The iPhone X is official, and it marks the most radical redesign the iPhone has seen since its original release 10 years ago. With its pixel-dense display with a resolution of
The LG V30 is coming out pretty soon — first in South Korea, and later in the rest of the world — and from all we’ve seen so far, there’s a lot to like in it. But its biggest feature is also the one that most sets it apart from its V series predecessors: the FullVision OLED display.
After the word got out about Apple’s decision to move to flexible OLED displays with the upcoming iPhone 8, news of panel shortages started flying around pretty quickly, with some people going as far as claiming the company’s upcoming premium won’t make it in time for the traditional mid-September launch. But while that latter part is almost certainly false, flexible OLED shortages sure seem to be a real problem, and also one that will continue existing for the next few years, according to a new report from Chinese research firm Sigmaintell.
For Japan Display, the company is in a rather tough financial condition. Even though smartphones continue to sell, Japan Display’s LCD panel business for the connected devices cannot make up for the company’s late entry into OLED displays. And even Apple, which has stood by its LCD screens since the unveiling of the very first iPhone in 2007, is experimenting this year with one of its handsets. The tenth-anniversary Apple iPhone 8 will likely become the first iOS powered device to carry an OLED screen, leaving the Apple iPhone 7s and Apple iPhone 7s Plus to carry on this year with LCD panels.
It seems that Apple is having an issue with the OLED panels being made for the production of the Apple iPhone 8. The tenth anniversary model is a premium version of the handset, and for the first time it will employ an OLED panel instead of using an LCD screen. A Weibo post by Foxconn Vice President Luo Zhongsheng (who is a legitimate executive of the company) reports that 40% of the OLED panels received by the contract manufacturer are failing to meet the grade at Foxconn because of the specific way that Apple wants the material cut.
The Foxconn executive noted that with this special cut …
Samsung Display seems to be the main OLED panel supplier for Apple’s next generation iPhone, which is the main reason the South Korean company invested quite a lot of money into bringing in equipment for is A3 plant and constructing back-end process lines in Vietnam.
According to sources in the industry, Samsung Display finished testing all its seven lines that produce OLED panels for Apple’s iPhone and will start operating them on full scale sometime this month.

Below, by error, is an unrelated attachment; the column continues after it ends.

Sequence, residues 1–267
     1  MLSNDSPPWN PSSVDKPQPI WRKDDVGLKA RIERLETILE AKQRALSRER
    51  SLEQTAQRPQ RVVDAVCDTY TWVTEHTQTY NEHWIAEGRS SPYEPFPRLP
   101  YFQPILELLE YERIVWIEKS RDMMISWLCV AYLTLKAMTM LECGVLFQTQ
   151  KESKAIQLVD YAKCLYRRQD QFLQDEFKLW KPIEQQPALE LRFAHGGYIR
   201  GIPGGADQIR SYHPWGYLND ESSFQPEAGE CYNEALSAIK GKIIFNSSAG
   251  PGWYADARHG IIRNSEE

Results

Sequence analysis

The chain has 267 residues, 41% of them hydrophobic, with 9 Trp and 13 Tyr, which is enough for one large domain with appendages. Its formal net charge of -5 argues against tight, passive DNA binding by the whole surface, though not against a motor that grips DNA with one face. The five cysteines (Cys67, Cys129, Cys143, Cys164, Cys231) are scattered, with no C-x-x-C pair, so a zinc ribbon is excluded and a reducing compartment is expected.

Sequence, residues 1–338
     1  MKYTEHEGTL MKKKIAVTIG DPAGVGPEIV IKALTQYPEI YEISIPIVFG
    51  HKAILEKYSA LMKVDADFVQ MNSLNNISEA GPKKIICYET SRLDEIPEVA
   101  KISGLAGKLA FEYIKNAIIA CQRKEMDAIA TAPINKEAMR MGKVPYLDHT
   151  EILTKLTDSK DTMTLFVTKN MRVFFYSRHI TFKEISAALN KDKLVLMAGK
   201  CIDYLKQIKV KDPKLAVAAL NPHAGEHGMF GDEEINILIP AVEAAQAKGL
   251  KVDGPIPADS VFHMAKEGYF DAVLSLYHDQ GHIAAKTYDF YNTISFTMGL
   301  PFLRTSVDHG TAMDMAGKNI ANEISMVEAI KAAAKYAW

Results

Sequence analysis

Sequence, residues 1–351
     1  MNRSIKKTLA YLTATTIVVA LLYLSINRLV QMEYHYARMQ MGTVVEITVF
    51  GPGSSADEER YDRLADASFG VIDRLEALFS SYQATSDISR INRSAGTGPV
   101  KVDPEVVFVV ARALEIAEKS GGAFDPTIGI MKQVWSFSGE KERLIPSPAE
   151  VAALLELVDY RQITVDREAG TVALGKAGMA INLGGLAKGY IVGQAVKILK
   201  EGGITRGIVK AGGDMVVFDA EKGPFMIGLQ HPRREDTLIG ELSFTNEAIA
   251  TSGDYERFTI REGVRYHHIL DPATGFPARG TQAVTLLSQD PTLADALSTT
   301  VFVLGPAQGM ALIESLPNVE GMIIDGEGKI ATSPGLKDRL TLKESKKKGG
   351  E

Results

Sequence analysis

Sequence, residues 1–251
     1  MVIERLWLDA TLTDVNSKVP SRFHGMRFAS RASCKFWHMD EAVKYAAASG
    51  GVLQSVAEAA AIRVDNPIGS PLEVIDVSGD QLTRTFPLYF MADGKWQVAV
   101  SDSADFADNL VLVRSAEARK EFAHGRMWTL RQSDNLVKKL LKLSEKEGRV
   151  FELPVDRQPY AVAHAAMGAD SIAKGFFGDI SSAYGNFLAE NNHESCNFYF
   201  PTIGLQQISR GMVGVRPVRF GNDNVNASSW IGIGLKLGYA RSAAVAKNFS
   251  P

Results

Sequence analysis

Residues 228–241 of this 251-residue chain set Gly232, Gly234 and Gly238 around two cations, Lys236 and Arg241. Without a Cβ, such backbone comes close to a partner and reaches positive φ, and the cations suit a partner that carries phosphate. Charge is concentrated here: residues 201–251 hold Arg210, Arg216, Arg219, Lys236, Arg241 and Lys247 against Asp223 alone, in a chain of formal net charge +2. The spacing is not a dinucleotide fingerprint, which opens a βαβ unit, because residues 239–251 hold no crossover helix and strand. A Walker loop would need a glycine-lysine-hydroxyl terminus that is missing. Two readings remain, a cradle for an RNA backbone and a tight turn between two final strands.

Amazingly, Samsung Display production capacity of panels for iPhone will increase by 7 fold from …
LG has pushed out a release for Thursday morning (while it is still Wednesday in the U.S.) to make some interesting comments about its next major flagship smartphone release, the unannounced LG V30. LG says that its next new flagship will be the first to use a plastic OLED FullVision display. Can you remember the last LG smartphone that featured an OLED panel? It was the LG G Flex 2 from 2015. LG plans on taking advantage of the fact that OLED screens are perfect for use with VR applications, an area of the smartphone market that is showing growth.
Juno Cho, president of LG Electronics Mobile …
LG might be keeping mum on exactly how much may Apple be fronting it for its giant investment in OLED display production, but industry sources are quickly swooping in to fill the void with numbers, as usual. Previously, they speculated that Apple may be responsible for $1.7 billion of the $8.5 billion total OLED panel-making bill, but now they up the ante with a cool billion more.
At the end of May news broke out about LG Display’s intention to invest 4 trillion won (~$3.5 billion) to build a new smartphone OLED panel manufacturing facility in its home country of South Korea. But the company apparently wasn’t done with that round of investment, as it mentions in its latest earnings report that it is pouring an additional 9.6 trillion won ($8.5 billion) into its OLED production business — and industry watchers say Apple may have been a key factor in that decision.
Although Samsung has been widely suggested to be the sole supplier of OLED displays for the upcoming iPhone 8, Apple is actively working toward reducing its reliance on supply from the Korea-based tech giant.
According to a new report by Korean publication ET News, Apple has procured a number of chemical vapor deposition (CVD) machines that are used in OLED manufacturing with the intention to set up its own panel line in Taiwan. Although previous reports suggest that Apple’s partnership with Samsung may continue throughout 2018, when Apple is expected to introduce …